April 21, 2014
The Solidarity Movement
In the summer of 1980 Communist Poland was experiencing labor unrest at an unprecedented level. Living standards were still very low, the economy was stagnant, and food shortages and inflation were abundant. The Polish Communist Party was faced with nationwide strikes, and their tactics of buying off workers had failed because there were too many people striking. However, when the strikes spread to the Lenin Shipyard in Gdańsk on August 14th, everything was about to change. The strikers were backed by waves of support from other industrial centers, and the Communist Party was forced to negotiate with ...view middle of the document...
This was in part due to the election of the Archbishop of Krakow, Cardinal Karol Wojtyla, as Pope John Paul II which adding to the stature and influence of the Catholic Church in Poland (Pittaway 173). By the end of the 1970’s the Polish economy was stagnant, and inflation was everywhere due to the burden of the national debt. The Polish government “was being forced to turn haltingly to policies of austerity, which transferred the burden of economic failure to the population, and the result was increasing discontent and social protest” (Pittaway 173). Likewise, in the summer of 1980, food prices had risen once again, and Poland was experiencing labor unrest at an unprecedented level. However, in August “following a history of contentious but unsuccessful uprisings by Poles against the communist regime, a modest strike was about to break through the stagnation” (Pearce 7). In the city of Gdańsk, at the Lenin Shipyards, 17,000 workers went on strike and refused to yield. This was not a spontaneous event, but was preceded by almost 6 weeks of strikes throughout Poland to protest rising prices and lack of access to governmental representation (Pearce 7). The Polish regime tried to censor the strikes by disconnecting all the telephone lines between Gdańsk and the rest of the country, but “underground presses succeeded in covering the story and spreading the shipyard workers’ message throughout Poland and the Eastern Bloc” (Local Life 1). The Gdańsk Strike Committee’s demands went beyond the scope of local concerns; the committee was calling “for the legal formation of independent trade unions, an end to media censorship, the right to strike, new rights for the Church, the freeing of political prisoners, and improvements in the national health system” (Local Life 1). Four days after the Gdańsk strike, “the Szczecin shipyard joined the Gdansk workers in protest which ignited a wave of strikes along the Polish coast. Within days most of Poland was affected by factory shutdowns. After gaining international support and media coverage, the Gdańsk shipyard workers were able to hold out longer than many of the other factories (Local Life 1). This wave of support in turn forced Poland’s Soviet government into serious negotiations with the Gdańsk workers. On September 3rd 1980, a signed agreement was ratified between Poland’s Soviet government and the striking workers committee which became known as the “Gdańsk Agreement”. This agreement “achieved the right to form labor unions independent of the Communist Party control, and the right to strike; common people were now able to introduce democratic changes into the communist political structure” (Local Life 1). With this agreement came the Independent Self-Governing Trade Union of Solidarity, and set in motion a revolution throughout the country of Poland.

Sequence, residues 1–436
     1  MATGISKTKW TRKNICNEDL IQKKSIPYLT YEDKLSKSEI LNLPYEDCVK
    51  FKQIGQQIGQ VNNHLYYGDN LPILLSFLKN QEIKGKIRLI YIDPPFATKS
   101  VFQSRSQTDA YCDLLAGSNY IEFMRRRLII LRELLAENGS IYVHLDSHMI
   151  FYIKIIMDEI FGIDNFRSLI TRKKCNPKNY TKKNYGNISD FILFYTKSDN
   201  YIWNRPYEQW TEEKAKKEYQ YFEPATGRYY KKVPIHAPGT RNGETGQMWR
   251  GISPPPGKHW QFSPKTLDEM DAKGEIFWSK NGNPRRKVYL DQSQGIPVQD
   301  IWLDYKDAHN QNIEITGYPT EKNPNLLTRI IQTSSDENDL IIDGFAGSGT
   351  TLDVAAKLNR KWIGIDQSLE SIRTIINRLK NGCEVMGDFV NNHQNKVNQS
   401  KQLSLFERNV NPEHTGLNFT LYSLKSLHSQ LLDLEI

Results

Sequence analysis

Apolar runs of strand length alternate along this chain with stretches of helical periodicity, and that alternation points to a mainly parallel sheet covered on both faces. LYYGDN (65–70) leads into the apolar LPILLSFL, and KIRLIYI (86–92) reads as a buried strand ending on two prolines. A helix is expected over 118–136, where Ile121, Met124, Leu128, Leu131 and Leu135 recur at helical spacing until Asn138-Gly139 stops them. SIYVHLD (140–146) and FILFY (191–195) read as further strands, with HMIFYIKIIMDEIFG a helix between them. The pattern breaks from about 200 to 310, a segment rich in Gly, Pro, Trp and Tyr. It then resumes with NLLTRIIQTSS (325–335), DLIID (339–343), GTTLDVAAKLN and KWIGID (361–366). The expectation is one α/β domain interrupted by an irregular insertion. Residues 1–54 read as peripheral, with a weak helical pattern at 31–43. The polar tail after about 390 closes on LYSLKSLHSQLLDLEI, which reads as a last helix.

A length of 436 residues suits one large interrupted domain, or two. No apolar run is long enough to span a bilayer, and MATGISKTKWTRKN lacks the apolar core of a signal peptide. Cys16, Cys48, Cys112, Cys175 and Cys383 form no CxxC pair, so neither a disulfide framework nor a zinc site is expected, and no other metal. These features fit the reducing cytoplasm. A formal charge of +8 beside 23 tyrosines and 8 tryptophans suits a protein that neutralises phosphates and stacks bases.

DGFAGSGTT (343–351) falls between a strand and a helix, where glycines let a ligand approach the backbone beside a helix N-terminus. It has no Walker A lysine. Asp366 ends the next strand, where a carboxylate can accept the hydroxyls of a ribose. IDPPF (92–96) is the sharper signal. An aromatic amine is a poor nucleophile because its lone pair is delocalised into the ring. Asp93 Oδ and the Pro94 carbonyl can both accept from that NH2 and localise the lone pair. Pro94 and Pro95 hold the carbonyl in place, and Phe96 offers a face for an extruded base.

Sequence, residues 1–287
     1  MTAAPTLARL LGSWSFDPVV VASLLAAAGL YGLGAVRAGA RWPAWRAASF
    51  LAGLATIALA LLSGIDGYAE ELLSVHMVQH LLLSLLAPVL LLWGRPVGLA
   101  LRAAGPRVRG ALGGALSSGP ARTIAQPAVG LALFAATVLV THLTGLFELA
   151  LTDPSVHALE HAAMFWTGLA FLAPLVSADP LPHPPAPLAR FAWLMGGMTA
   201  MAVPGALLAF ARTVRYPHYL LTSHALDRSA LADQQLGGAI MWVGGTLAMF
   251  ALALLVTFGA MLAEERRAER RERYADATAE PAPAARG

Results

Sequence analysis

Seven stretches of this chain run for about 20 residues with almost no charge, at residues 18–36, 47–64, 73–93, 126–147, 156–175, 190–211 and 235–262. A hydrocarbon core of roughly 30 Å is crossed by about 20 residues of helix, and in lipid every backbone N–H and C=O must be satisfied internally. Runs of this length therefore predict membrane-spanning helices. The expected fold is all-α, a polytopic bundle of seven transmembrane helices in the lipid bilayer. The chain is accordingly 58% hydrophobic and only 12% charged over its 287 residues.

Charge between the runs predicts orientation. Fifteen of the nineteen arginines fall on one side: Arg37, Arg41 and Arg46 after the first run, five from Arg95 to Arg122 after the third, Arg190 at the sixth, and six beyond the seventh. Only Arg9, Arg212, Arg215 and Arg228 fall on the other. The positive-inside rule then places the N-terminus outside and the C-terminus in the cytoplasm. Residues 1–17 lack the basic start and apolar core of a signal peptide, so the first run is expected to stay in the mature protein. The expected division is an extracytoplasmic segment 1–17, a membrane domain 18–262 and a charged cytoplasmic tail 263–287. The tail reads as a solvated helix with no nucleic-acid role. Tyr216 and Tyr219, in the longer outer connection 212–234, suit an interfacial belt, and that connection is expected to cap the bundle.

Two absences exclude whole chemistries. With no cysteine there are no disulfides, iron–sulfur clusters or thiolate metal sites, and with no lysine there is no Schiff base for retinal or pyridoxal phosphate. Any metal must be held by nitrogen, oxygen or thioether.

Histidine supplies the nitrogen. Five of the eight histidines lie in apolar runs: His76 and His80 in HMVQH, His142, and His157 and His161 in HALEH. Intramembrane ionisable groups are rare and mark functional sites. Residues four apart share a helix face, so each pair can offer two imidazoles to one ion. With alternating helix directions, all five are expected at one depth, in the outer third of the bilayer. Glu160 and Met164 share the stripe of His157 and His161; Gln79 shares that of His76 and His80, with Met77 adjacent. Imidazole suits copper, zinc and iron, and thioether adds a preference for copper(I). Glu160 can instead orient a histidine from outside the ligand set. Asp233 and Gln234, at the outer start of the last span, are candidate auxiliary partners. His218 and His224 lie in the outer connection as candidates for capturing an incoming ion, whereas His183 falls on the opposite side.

Furthermore, Solidarity might not have succeeded if it wasn’t for the help of a recently fired electrician named Lech Walesa. Walesa was...